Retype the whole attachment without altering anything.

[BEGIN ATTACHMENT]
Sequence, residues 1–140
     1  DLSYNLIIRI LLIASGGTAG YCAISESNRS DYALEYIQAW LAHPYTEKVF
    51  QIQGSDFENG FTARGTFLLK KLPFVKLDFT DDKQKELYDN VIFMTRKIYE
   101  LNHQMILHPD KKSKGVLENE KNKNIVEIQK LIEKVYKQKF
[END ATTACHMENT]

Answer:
Sequence, residues 1–140
     1  DLSYNLIIRI LLIASGGTAG YCAISESNRS DYALEYIQAW LAHPYTEKVF
    51  QIQGSDFENG FTARGTFLLK KLPFVKLDFT DDKQKELYDN VIFMTRKIYE
   101  LNHQMILHPD KKSKGVLENE KNKNIVEIQK LIEKVYKQKF